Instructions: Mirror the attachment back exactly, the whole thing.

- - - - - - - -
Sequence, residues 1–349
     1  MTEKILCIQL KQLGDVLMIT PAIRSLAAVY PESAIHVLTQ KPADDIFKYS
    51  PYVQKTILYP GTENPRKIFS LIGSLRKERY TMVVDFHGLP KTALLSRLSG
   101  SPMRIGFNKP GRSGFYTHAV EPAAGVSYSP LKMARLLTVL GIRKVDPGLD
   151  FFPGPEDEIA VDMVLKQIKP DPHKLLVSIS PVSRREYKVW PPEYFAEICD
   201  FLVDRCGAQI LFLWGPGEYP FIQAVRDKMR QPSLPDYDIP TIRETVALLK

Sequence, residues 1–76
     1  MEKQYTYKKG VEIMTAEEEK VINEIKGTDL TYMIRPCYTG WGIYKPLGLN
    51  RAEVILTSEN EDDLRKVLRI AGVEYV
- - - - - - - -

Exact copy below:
Sequence, residues 1–349
     1  MTEKILCIQL KQLGDVLMIT PAIRSLAAVY PESAIHVLTQ KPADDIFKYS
    51  PYVQKTILYP GTENPRKIFS LIGSLRKERY TMVVDFHGLP KTALLSRLSG
   101  SPMRIGFNKP GRSGFYTHAV EPAAGVSYSP LKMARLLTVL GIRKVDPGLD
   151  FFPGPEDEIA VDMVLKQIKP DPHKLLVSIS PVSRREYKVW PPEYFAEICD
   201  FLVDRCGAQI LFLWGPGEYP FIQAVRDKMR QPSLPDYDIP TIRETVALLK

Sequence, residues 1–76
     1  MEKQYTYKKG VEIMTAEEEK VINEIKGTDL TYMIRPCYTG WGIYKPLGLN
    51  RAEVILTSEN EDDLRKVLRI AGVEYV